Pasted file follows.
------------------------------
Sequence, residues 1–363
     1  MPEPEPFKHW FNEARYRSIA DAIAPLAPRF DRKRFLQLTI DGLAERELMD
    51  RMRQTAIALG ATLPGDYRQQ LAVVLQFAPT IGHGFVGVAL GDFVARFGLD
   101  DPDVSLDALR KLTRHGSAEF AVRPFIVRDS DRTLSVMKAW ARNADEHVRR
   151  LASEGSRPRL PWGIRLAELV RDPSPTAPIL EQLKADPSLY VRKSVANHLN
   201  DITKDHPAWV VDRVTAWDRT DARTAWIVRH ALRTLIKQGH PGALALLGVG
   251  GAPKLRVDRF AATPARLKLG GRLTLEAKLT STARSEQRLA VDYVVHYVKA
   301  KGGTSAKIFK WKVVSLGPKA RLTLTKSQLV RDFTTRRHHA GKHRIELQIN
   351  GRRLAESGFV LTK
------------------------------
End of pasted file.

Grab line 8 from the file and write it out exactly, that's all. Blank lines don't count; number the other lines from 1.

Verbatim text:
   301  KGGTSAKIFK WKVVSLGPKA RLTLTKSQLV RDFTTRRHHA GKHRIELQIN